Today is a national holiday in Belgium celebrating the inauguration of Leopold I, the first king of the Belgians, after the nation’s independence from the Netherlands in 1831. Belgium’s history is intertwined with those of its neighbors: the Netherlands, Germany, France and Luxembourg. For most of its history, what is now Belgium was either a part of a larger territory, such as the Carolingian Empire, or divided into a number of smaller states, prominent among them being the Duchy of Brabant, the County of Flanders, the Prince-Bishopric of Liège and Luxembourg. Due to its strategic location and the many armies fighting on its soil, Belgium since the Thirty Years’ War (1618-1648) has often been called the “battlefield of Europe” or the “cockpit of Europe.” It is also remarkable as a European nation which contains, and is divided by, a language boundary between Latin-derived French, and Germanic Dutch (Flemish)
After Napoleon’s defeat at Waterloo in 1815, the major victorious powers (Britain, Austria, Prussia, and Russia) agreed at the Congress of Vienna on reuniting the former Austrian Netherlands and the former Dutch Republic, creating the United Kingdom of the Netherlands, which was to serve as a buffer state against any future French invasions. This kingdom was under the rule of a Protestant king, William I.
The Congress of Vienna treated Europe as if it were a giant board game with territories and ethnic groups carved up and reorganized in hopes of creating a balance of power between the major players and with suitable buffer zones between them. The hope was that the resultant layout would prevent the rise of another Napoleon, and that there would be a measure of peace thereby. Instead what resulted was a century of revolution and warfare initiated in large part by frustrated ethnic groups who resented being pushed around and manipulated like pieces in a game. The inclusion of the Belgians in the Kingdom of the Netherlands was one such problem.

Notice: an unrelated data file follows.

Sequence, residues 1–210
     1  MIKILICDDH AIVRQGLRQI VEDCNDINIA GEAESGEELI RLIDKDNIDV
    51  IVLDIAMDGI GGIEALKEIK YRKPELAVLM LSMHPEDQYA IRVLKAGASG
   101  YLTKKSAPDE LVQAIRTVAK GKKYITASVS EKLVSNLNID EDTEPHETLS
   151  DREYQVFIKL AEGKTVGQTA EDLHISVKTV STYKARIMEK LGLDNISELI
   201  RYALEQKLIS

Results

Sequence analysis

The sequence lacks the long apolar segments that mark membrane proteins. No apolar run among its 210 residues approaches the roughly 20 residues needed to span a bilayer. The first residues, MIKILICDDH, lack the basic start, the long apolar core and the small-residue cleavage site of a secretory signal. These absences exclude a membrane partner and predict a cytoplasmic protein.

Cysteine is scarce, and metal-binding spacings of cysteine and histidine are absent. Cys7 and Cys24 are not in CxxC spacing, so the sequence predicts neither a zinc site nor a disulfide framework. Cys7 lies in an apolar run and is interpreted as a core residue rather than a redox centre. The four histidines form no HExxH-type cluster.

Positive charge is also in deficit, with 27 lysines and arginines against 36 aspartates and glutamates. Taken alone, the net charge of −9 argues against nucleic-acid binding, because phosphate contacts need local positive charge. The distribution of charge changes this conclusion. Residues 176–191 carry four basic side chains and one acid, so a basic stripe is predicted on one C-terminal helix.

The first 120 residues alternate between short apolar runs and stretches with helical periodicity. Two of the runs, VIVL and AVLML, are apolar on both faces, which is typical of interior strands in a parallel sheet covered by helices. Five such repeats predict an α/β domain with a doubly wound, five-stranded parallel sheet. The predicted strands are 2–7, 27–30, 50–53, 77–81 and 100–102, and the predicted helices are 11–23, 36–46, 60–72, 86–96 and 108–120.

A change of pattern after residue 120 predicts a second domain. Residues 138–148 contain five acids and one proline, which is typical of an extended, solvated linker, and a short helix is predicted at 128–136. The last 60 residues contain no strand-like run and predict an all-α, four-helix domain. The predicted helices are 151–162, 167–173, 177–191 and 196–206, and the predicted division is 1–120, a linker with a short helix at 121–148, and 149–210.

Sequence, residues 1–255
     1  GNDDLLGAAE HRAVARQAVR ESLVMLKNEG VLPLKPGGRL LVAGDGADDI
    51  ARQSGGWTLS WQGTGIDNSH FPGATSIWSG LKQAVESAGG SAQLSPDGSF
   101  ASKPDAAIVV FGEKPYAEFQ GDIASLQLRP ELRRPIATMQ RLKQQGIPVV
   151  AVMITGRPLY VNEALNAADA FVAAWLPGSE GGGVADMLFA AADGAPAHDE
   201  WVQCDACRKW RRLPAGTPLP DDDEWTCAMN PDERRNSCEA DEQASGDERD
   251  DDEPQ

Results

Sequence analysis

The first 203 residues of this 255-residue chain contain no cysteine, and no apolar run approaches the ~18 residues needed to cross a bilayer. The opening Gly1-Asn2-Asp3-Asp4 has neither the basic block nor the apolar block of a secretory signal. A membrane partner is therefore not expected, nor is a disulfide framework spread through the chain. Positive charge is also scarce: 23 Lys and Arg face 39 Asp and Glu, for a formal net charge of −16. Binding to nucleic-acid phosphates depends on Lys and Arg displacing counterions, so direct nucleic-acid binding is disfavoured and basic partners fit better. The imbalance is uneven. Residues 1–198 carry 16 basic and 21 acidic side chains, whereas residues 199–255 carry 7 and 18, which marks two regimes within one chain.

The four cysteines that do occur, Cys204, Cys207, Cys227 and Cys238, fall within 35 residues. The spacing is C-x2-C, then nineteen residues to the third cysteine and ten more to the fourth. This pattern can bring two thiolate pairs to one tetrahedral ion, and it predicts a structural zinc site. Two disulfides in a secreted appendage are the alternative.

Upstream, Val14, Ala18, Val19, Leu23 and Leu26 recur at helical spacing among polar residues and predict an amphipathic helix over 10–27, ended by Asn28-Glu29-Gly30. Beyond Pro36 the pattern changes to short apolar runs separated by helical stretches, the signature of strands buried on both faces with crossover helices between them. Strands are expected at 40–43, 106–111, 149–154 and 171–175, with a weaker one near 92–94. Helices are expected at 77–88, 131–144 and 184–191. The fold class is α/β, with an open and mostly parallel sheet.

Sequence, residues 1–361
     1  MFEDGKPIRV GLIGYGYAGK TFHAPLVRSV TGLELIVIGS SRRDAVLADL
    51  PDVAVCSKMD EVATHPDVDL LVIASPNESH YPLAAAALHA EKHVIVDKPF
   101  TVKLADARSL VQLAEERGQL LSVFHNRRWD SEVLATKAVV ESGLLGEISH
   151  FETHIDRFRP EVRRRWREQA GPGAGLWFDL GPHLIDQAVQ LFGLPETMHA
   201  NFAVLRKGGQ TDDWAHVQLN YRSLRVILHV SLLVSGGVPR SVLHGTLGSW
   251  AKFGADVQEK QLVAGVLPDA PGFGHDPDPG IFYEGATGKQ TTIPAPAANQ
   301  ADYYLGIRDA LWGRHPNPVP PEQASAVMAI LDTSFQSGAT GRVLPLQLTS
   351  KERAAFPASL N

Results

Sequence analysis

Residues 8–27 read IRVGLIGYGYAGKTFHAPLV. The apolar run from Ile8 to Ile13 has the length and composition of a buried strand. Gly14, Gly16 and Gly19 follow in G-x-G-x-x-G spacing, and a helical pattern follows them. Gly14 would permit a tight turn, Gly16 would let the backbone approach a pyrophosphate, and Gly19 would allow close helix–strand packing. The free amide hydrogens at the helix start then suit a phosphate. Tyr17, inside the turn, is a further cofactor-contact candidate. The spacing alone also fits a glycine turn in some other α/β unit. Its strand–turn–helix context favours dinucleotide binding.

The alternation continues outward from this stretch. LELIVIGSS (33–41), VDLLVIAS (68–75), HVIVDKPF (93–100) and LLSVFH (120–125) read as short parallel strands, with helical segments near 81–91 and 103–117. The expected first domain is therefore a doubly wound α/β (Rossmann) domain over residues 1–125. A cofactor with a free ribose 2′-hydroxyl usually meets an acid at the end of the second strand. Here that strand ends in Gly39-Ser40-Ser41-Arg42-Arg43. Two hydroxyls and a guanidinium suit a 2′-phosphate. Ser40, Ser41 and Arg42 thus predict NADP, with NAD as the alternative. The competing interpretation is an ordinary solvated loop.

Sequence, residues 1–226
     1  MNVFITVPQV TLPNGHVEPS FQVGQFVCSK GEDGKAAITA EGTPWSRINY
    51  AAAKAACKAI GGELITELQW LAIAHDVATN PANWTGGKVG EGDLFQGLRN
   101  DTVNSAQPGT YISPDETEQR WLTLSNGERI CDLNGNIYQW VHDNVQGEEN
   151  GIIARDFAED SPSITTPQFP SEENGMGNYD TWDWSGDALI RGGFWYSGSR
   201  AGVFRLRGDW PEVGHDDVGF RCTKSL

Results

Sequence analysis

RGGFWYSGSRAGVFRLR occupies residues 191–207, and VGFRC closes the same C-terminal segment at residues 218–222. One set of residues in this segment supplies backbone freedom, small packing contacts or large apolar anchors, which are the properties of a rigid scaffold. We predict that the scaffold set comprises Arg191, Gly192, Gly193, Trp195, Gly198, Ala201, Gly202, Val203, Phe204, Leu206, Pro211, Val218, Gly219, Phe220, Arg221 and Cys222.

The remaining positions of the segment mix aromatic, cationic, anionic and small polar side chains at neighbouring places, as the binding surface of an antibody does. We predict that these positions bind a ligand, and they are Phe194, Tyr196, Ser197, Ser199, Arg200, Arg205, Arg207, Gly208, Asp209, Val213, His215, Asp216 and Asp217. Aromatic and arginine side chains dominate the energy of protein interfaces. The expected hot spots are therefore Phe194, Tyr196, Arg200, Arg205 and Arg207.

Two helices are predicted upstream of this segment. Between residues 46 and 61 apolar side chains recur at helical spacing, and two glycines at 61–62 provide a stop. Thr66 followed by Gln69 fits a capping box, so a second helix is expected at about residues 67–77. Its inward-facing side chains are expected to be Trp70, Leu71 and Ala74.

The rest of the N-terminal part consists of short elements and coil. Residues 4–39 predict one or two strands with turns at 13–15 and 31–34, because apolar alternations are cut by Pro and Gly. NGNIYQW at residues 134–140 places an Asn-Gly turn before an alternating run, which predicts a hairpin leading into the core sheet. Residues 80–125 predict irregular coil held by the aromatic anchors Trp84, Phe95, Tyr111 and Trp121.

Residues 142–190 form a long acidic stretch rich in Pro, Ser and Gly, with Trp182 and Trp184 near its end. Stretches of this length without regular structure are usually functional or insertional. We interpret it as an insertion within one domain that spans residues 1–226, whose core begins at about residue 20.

The first 15 years of the Kingdom showed progress and prosperity, as industrialization proceeded rapidly in the south (that is, the Belgian sector) where the Industrial Revolution allowed entrepreneurs and labor to combine in a new textile industry, powered by local coal mines. There was little industry in the northern provinces, but most overseas colonies were restored, and highly profitable trade resumed after a 25 year hiatus. Economic liberalism combined with moderate authoritarianism under William 1 accelerated the adaptation of the Netherlands to the new conditions of the 19th century. The country prospered until a crisis arose in relations with the southern provinces.
Protestants controlled the new country although they formed only a quarter of the population. In theory, Catholics had full legal equality; in practice their voice was not heard. Few Catholics held high state or military offices. The king insisted that schools in the south end their traditional teaching of Catholic doctrine, even though everyone there was Catholic. Socially, the French-speaking (Belgian) Walloons strongly resented the king’s policy to make Dutch the language of government.
Political liberals in the south had their own grievances, especially regarding the king’s authoritarian style; he seemed uncaring about the issue of regionalism, flatly vetoing a proposal for a French-language teacher-training college in francophone Liège. Finally, all factions in the South complained of unfair representation in the national legislature. The south was industrializing faster and was more prosperous than the north, leading to resentment of northern arrogance and political domination.
The outbreak of revolution in France in 1830 was a signal for revolt in Belgium. The demand at first was autonomy for Belgium, as the southern provinces were now called. Eventually, revolutionaries began demanding total independence. The Belgian Revolution broke out in August 1830 when crowds, stirred by a performance of Auber’s La Muette de Portici at the Brussels opera house of La Monnaie, spilled out on to the streets singing patriotic songs. Violent street fighting soon broke out, as anarchy reigned in Brussels. The liberal bourgeoisie who had initially been at the forefront of the revolution, were appalled by the violence and willing to accept a compromise with the Dutch.